Indiana State Police step outside the squad car at the Indiana State Fair

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By Lauren Hughes and Kayla Crandall

BSU JOURNALISM AT THE FAIR

Surrounded by a sea of people, you frantically spin in circles looking for your child who was just by your side. You turn your back for the slightest second … and then he is gone.

This is a reality for many parents who attend big events at large venues like the Indiana State Fair.

It attracts more than 900,000 people every year. With a crowd that size, the likelihood of someone losing his wallet, his child, or even his consciousness is pretty high.

That’s why the Indiana State Police have set up two booths on opposite ends of the fair loop. Standing by ready for anything, officers answer questions ranging from where’s the nearest restroom to why’d I get that speeding ticket.



“We are approachable, and we all enjoy being out here and interacting with the public,” Indiana State Police Public Information Officer Sgt. Ray Poole said.

Officers get to know kids by saying hello and handing out pencils and police badge stickers. It’s a little hard for shy kids to feel comfortable around new people, but officers make an effort by coming to their level.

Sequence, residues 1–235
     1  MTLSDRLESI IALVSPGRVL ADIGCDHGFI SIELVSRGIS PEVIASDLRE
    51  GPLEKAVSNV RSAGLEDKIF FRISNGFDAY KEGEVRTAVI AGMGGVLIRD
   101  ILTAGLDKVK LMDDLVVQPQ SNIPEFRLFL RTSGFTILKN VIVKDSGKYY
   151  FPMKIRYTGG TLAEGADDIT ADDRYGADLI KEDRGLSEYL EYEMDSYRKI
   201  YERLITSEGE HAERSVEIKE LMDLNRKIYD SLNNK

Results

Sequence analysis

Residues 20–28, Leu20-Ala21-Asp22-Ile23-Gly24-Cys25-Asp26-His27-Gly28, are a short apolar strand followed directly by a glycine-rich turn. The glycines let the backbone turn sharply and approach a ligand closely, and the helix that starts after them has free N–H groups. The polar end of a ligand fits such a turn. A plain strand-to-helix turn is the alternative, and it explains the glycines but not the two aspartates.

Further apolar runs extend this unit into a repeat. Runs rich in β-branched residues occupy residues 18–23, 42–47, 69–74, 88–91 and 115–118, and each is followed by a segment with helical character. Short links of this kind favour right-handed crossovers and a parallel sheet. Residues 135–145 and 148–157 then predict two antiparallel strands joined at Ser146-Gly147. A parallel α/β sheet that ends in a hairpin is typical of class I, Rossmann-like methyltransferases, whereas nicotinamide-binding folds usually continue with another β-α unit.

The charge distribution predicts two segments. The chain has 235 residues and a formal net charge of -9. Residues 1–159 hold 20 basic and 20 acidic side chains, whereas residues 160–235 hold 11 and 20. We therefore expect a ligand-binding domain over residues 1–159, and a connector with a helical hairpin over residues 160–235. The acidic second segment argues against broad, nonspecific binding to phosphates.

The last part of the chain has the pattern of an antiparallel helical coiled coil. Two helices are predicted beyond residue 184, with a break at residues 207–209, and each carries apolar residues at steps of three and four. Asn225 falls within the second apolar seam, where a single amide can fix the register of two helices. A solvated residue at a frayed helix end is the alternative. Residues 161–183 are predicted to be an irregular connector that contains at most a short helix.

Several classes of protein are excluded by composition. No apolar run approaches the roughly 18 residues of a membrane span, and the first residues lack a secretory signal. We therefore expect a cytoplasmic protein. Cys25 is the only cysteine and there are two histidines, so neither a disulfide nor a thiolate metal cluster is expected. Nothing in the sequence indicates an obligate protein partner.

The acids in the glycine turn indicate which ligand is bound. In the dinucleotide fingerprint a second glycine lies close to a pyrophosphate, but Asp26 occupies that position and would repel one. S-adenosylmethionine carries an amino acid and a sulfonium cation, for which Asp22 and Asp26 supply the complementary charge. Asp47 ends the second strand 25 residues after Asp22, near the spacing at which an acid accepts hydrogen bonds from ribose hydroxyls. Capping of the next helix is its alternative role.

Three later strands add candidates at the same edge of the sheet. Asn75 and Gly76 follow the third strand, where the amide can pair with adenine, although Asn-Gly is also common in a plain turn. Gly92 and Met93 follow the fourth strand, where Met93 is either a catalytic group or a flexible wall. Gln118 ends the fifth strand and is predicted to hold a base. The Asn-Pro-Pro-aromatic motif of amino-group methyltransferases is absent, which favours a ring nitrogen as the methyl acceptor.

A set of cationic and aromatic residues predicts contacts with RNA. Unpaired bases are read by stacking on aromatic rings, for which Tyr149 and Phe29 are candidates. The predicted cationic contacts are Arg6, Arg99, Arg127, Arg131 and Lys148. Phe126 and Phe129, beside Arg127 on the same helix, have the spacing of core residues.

Indiana State Police Officer Randy McPike described an interaction with a scared toddler.

“I took my sunglasses off, I stood in front of her and knelt down, and handed her a sticker," McPike said. "‘You know, I’m a daddy and I have a little girl at home just like you.’ And she gave me a hug and made my day.”

Other than handing out stickers and being friendly, the Indiana State Police offer lost-child identification cards that can be attached to shoes or placed in pockets. Officers at the State Police information booth say in a typical day they are alerted to at least one lost child, so they suggest parents fill these out in case a child doesn’t know his phone number or won’t talk to them.

As a mother of three, Allison Webb of Indianapolis has a game plan and a big discussion about expectations before she arrives to the fairgrounds with her 4-year-old daughter, Maya.

“Maya is a runner,” Webb said. She thought the ID cards were a great idea.

Lauren Hughes and Kayla Crandall are writers for BSU Journalism at the Fair, a Ball State University immersive-learning project placing 25 student journalists at the heart of the Midway to tell the weird and wonderful stories of the 2014 Indiana State Fair